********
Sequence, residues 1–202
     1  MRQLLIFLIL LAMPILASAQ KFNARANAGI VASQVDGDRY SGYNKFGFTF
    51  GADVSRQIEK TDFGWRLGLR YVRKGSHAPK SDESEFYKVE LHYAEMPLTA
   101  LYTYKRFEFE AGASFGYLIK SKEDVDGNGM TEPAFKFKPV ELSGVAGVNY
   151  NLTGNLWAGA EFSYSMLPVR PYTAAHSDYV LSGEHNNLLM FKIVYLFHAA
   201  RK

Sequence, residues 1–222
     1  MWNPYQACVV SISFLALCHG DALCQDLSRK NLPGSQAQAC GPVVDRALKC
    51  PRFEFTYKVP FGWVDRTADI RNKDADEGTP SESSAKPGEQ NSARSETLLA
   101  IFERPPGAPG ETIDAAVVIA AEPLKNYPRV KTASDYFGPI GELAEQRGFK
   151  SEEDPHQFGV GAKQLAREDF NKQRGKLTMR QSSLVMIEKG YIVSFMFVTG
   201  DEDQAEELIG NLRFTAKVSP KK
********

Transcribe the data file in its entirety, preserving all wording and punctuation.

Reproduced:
Sequence, residues 1–202
     1  MRQLLIFLIL LAMPILASAQ KFNARANAGI VASQVDGDRY SGYNKFGFTF
    51  GADVSRQIEK TDFGWRLGLR YVRKGSHAPK SDESEFYKVE LHYAEMPLTA
   101  LYTYKRFEFE AGASFGYLIK SKEDVDGNGM TEPAFKFKPV ELSGVAGVNY
   151  NLTGNLWAGA EFSYSMLPVR PYTAAHSDYV LSGEHNNLLM FKIVYLFHAA
   201  RK

Sequence, residues 1–222
     1  MWNPYQACVV SISFLALCHG DALCQDLSRK NLPGSQAQAC GPVVDRALKC
    51  PRFEFTYKVP FGWVDRTADI RNKDADEGTP SESSAKPGEQ NSARSETLLA
   101  IFERPPGAPG ETIDAAVVIA AEPLKNYPRV KTASDYFGPI GELAEQRGFK
   151  SEEDPHQFGV GAKQLAREDF NKQRGKLTMR QSSLVMIEKG YIVSFMFVTG
   201  DEDQAEELIG NLRFTAKVSP KK